Donna Hardesty and Anne McMenamy, seniors on the 1981 Purdue team, created the trophy idea. They set out to find an object that would be a reminder of the competition on the court, as well as something rich with the tradition of the state of Indiana. They chose the Spike from the Monon Railroad, which originated in Indiana in the late 19th century. It was taken from a portion of railroad track in Lafayette. The trophy was unveiled at a media luncheon Sept. 2, 1981, at the Lafayette Country Club.
As with its sister trophy, the Old Oaken Bucket, a "P" or an "I" link is added to the chain signifying the season's winner. The Spike currently has 32 "P" links and 12 "I" links.
The Boilermakers won 24 consecutive matches against Indiana from 1978 to 1985, including 10 straight Spike matches. Under head coach Dave Shondell, Purdue has won 10 straight and 14 of 15 Spike matches.
The Boilermakers lead the overall series, which is the oldest in volleyball program history, 66-34 through the 2017 season.
BARN BURNER TROPHY
Beginning with the 1993-94 season, the Purdue and Indiana women's basketball teams have played an annual game for the Barn Burner Trophy. The traveling trophy is similar in concept to football's Old Oaken Bucket, volleyball's Monon Spike and soccer's Golden Boot. It is a wood plaque with a drawing of a barn and an attached basketball hoop, which best describes basketball in Indiana.
Sara Lee Corporation funded the plaque as part of its Discover Women's Sports Program.
Purdue has won 18 of the 25 Barn Burner Trophy meetings - the first three contests and 15 of the last 20. Indiana won the most-recent game 52-44 in West Lafayette on Feb. 12, 2018.
In the overall series, Indiana won 17 of the first 19 meetings from 1976 to 1986, but Purdue has turned the tables by winning 52 of the last 66 - including 12 of 18, 17 of 25, 23 of 32 and 32 of 42 - to take a 54-31 advantage through the 2017-18 season.
The Golden Boot is on the line each time the Purdue and Indiana women's soccer teams meet. The Boilermakers hold an 11-4-4 advantage in their regular-season series with the Hoosiers through the 2017 season.
After each victory, the winning team takes the trophy home and adds a letter to the chain attached to the gold-dipped soccer shoe. On each letter is engraved the date and score of the match it represents. The first letter on the chain is an "I," marking Indiana's overtime win in the inaugural meeting between the intrastate rivals in 1999. The next five letters are "P"s, denoting Purdue's five subsequent victories. In 2005, the teams battled to a 1-1 draw, keeping the Golden Boot in West Lafayette for a sixth consecutive year. The Boilermakers extended their regular-season unbeaten streak against Indiana to 12 before it was finally snapped in 2012 with a loss in Bloomington. In the process, Indiana gained possession of the Golden Boot for the first time. The Hoosiers retained the trophy in 2013 and 2014 before the Boilermakers regained it with a 2-0 victory in Bloomington in 2015. The teams tied 2-2 in 2016 in West Lafayette and 1-1 in 2017 in Bloomington, keeping the trophy at Purdue.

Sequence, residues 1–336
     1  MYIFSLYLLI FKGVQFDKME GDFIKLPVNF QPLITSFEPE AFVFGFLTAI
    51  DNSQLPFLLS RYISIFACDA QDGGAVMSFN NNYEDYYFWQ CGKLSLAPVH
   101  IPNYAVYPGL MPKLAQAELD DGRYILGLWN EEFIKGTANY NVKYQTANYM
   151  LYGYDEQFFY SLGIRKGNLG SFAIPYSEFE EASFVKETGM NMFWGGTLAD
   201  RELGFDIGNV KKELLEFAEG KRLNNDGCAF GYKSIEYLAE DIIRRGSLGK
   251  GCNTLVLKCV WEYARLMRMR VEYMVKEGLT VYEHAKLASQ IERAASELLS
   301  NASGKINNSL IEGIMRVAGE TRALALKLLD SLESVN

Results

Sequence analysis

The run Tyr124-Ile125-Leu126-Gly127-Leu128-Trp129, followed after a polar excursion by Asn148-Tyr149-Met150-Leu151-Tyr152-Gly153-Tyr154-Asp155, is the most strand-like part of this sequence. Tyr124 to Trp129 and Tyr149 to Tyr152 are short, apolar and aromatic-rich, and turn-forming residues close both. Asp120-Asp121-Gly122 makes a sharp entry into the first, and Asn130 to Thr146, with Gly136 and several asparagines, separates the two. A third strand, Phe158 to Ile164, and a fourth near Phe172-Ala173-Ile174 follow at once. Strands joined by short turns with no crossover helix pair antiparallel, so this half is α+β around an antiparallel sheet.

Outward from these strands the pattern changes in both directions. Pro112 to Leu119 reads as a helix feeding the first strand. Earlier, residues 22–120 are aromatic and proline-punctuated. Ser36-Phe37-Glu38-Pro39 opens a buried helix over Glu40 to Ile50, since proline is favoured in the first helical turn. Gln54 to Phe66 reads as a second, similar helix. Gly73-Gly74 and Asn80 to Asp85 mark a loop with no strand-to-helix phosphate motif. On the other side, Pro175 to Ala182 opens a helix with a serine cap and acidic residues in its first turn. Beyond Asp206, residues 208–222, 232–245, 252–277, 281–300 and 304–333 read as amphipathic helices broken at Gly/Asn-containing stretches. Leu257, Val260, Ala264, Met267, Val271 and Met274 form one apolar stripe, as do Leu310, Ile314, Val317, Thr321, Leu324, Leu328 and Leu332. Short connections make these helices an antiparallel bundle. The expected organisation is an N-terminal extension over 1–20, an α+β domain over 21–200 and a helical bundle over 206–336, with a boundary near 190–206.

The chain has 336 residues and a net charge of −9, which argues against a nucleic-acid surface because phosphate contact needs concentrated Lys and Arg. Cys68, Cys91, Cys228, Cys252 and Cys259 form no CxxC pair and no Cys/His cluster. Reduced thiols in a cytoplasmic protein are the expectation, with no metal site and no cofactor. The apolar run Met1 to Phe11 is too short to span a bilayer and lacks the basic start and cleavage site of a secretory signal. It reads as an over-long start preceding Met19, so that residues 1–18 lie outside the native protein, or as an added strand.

The concept for the creation of a trophy originally was discussed in 1998. But it was not until 2002, when former Purdue assistant coach Ian Rickerby joined new Indiana head coach Mick Lyon on the Hoosier staff, that the Golden Boot came to fruition. Former Purdue head coach Rob Klatte convinced Lyon that a traveling rivalry trophy would increase the significance of each meeting between the traditional rivals. Both coaching staffs pursued its design, which was completed in the fall of 2002.
Purdue and Indiana have met three times in postseason play, with the Boilermakers holding a 2-0-1 advantage in those games to lead the overall all-time series 13-4-5 through the 2017 season.